By Steve Gorman and Tyler Clifford (Reuters) -A man who fatally shot two Missouri jail guards in 2000 was executed on Tuesday after the governor and the U.S. Supreme Court declined to intervene, even though several jurors in the case petitioned for a reduced sentence. Michael Tisius, 42, was convicted in 2001 of murdering Randolph […]
Missouri executes man for murder of jailers despite jurors’ appeal
By Steve Gorman and Tyler Clifford
(Reuters) -A man who fatally shot two Missouri jail guards in 2000 was executed on Tuesday after the governor and the U.S. Supreme Court declined to intervene, even though several jurors in the case petitioned for a reduced sentence.
Michael Tisius, 42, was convicted in 2001 of murdering Randolph County sheriff’s deputies Jason Acton and Leon Egley, both unarmed, during a failed attempt to help a former cellmate escape from jail.
Tisius was pronounced dead at 6:10 p.m. after he received a lethal injection as the U.S. Supreme Court denied two petitions for a stay of execution on Monday and two more on Tuesday, the Missouri Department of Corrections said in a statement.
Lawyers for Tisius had argued in petitions seeking a reprieve that he should be spared the death penalty given that he was 19 at the time of the killings and suffered from lifelong brain impairments and mental illness.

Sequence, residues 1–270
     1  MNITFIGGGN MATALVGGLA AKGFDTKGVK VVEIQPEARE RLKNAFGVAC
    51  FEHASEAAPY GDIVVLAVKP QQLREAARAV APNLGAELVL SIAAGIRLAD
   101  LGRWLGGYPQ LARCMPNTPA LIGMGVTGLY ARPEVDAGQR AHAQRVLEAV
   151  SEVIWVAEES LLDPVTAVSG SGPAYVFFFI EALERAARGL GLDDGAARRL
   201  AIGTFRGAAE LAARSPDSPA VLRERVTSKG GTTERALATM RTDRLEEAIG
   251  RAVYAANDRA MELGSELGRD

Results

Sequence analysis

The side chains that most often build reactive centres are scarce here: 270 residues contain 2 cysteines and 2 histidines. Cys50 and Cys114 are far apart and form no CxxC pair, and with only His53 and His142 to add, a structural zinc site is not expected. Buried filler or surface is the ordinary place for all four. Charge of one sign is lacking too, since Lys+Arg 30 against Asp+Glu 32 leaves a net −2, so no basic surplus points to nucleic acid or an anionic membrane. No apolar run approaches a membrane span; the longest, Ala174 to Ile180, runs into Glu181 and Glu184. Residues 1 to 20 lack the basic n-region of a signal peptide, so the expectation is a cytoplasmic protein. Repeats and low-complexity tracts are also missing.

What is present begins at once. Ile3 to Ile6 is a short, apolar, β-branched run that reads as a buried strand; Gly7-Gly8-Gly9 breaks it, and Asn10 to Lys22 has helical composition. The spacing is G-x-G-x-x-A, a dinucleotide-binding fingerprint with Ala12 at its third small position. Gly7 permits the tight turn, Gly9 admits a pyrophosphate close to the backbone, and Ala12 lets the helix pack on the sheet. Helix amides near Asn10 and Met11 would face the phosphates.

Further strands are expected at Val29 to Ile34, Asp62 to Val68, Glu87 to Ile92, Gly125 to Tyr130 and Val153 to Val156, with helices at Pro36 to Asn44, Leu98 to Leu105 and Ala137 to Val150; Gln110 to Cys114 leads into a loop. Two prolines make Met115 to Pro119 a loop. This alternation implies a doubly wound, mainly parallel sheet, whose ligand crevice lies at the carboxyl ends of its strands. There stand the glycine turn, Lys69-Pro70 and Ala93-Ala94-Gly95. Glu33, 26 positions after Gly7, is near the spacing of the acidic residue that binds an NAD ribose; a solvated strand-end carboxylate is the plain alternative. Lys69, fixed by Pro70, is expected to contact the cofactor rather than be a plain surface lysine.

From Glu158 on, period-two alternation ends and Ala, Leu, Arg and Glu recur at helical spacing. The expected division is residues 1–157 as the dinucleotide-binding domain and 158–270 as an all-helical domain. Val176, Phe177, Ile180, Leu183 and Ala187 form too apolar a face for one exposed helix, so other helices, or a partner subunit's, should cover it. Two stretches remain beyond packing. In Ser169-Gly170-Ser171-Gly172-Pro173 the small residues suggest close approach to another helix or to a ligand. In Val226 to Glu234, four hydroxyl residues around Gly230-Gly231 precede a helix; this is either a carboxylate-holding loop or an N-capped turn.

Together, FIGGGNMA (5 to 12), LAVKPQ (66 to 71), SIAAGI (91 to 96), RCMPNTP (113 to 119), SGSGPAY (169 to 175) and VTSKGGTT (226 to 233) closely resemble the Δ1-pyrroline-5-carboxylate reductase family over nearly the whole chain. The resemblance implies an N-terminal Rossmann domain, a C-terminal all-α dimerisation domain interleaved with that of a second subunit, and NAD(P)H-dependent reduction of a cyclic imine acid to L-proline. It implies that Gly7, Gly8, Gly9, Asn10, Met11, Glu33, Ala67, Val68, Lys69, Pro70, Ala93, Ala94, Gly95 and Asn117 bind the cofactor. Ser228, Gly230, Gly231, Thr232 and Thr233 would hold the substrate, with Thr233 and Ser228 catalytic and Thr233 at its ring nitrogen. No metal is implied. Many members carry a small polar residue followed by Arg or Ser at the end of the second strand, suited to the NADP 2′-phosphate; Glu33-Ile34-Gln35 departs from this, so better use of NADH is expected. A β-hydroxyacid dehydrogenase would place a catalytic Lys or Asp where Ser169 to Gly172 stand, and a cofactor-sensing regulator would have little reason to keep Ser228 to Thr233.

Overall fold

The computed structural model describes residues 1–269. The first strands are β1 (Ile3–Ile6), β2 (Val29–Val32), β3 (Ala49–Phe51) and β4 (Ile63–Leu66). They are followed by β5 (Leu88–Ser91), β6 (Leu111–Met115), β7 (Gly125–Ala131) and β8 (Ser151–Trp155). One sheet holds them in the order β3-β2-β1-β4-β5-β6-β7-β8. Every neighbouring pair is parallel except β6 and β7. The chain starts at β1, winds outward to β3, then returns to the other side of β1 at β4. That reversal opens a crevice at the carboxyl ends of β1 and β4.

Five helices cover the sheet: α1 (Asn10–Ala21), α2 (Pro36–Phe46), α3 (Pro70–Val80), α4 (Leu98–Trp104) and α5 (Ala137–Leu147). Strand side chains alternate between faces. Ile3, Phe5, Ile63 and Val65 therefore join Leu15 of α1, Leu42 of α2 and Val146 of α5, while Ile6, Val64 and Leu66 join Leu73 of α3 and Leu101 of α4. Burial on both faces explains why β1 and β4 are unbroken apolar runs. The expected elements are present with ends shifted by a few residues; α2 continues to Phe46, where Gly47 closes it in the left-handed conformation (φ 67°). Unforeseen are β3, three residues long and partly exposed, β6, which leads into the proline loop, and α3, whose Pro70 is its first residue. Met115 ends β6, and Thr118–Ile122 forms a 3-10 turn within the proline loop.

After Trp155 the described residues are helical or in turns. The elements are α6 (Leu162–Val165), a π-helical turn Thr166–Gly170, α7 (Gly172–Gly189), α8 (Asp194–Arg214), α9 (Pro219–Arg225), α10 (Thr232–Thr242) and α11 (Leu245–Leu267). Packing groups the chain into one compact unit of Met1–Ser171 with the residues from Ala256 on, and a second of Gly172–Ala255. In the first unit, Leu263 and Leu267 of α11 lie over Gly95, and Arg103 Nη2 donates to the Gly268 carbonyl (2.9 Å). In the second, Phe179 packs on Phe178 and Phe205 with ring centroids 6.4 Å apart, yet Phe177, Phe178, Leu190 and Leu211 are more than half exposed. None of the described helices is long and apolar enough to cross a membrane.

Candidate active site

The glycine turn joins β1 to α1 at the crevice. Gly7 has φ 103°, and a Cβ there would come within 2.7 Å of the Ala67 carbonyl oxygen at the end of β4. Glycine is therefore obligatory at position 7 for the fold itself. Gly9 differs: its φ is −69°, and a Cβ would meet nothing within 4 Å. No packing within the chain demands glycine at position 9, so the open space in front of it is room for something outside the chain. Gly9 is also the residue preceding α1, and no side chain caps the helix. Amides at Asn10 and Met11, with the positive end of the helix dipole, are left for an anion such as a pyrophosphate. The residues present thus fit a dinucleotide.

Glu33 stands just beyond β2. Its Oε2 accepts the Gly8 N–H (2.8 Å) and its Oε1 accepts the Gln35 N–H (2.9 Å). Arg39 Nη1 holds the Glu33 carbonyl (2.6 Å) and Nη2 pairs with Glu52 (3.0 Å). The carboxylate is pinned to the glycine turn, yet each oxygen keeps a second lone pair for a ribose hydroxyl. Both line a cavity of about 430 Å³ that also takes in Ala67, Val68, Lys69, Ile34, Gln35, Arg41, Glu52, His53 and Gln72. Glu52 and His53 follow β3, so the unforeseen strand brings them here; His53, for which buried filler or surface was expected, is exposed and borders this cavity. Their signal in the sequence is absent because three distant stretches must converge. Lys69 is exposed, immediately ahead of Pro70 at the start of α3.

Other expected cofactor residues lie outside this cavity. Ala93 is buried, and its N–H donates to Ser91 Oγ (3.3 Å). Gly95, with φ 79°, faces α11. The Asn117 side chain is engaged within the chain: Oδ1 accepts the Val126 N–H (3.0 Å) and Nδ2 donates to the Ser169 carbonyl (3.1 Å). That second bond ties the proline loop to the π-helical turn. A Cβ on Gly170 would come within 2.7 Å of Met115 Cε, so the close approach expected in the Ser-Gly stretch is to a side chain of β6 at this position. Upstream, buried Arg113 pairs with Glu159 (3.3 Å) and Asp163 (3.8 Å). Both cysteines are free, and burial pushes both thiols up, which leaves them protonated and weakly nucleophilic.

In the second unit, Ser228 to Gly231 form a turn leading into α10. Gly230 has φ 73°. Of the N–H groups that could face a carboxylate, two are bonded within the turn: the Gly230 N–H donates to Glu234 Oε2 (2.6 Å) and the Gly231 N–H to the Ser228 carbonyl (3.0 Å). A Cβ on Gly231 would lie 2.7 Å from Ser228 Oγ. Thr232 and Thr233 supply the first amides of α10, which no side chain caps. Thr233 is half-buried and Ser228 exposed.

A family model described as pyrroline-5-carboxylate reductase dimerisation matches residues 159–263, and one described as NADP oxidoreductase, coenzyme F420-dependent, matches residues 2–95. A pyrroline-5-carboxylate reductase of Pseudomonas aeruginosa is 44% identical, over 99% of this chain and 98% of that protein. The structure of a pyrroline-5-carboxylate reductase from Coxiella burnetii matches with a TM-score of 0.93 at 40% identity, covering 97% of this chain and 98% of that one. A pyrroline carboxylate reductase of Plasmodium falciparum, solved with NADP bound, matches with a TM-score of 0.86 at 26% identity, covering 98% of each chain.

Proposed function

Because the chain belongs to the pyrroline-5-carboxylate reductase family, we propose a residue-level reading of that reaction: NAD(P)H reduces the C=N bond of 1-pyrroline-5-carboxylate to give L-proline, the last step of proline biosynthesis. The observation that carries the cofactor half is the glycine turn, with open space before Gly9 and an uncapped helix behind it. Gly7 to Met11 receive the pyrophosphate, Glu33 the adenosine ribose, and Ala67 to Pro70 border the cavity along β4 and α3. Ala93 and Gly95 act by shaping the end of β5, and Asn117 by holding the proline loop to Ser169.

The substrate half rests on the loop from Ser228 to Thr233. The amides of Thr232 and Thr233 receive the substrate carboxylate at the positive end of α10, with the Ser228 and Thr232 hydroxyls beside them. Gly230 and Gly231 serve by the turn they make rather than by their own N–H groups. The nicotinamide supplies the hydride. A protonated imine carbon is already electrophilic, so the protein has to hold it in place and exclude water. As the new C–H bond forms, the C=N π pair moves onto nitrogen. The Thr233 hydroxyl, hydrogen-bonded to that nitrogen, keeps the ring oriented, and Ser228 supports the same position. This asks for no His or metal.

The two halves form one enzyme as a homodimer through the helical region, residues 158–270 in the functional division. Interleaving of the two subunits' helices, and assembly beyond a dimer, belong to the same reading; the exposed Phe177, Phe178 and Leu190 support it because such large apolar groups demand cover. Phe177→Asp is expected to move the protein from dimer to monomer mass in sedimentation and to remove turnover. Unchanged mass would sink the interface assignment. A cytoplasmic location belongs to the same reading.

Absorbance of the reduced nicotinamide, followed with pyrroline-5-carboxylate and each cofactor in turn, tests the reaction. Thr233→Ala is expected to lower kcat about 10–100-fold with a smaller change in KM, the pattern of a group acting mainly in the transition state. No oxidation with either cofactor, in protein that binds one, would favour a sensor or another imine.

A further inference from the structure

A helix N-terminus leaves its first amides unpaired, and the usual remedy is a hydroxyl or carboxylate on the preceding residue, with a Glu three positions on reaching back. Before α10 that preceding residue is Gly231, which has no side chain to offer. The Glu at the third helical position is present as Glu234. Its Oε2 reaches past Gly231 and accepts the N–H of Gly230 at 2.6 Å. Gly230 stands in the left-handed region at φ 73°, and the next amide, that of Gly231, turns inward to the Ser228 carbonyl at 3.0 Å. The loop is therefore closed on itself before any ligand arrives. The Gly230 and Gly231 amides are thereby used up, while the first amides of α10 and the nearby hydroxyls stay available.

According to his attorneys, Tisius was traumatized by severe physical abuse and neglect as a child, aggravating cognitive deficits that rendered him vulnerable to manipulation by others, including his older cellmate, Roy Vance, who persuaded Tisius to go along with the ill-fated escape plan.
In his last statement, Tisius said that he tried to become a better man and expressed his remorse. “I am sorry,” Tisius said. “And not because I am at the end. But because I truly am sorry.”
Six former jurors among the 12 who voted unanimously to recommend the death penalty for Tisius at his trial in 2010 said in sworn affidavits as part of a separate clemency petition that they now favored or would accept life imprisonment instead of capital punishment.
Governor Mike Parson, a Republican, declined the clemency bid on Monday.
“Missouri’s judicial system provided Mr. Tisius with due process and fair proceedings for his brutal murders of two Randolph County jail guards,” the Republican governor said in a statement.
Tisius was accused of plotting with Tracie Bulington, Vance’s then-girlfriend, to help Vance escape from jail after Tisius was released from the lockup. He had met Vance while serving time for a probation violation stemming from a misdemeanor theft case, according to his attorneys.
The two guards were shot and killed when the breakout attempt went awry. Bulington and Vance were later sentenced to life in prison for their roles in the incident.
(Reporting by Steve Gorman in Los Angeles, Tyler Clifford in New York and Baranjot Kaur in Bengaluru; Editing by Sonali Paul and Christopher Cushing)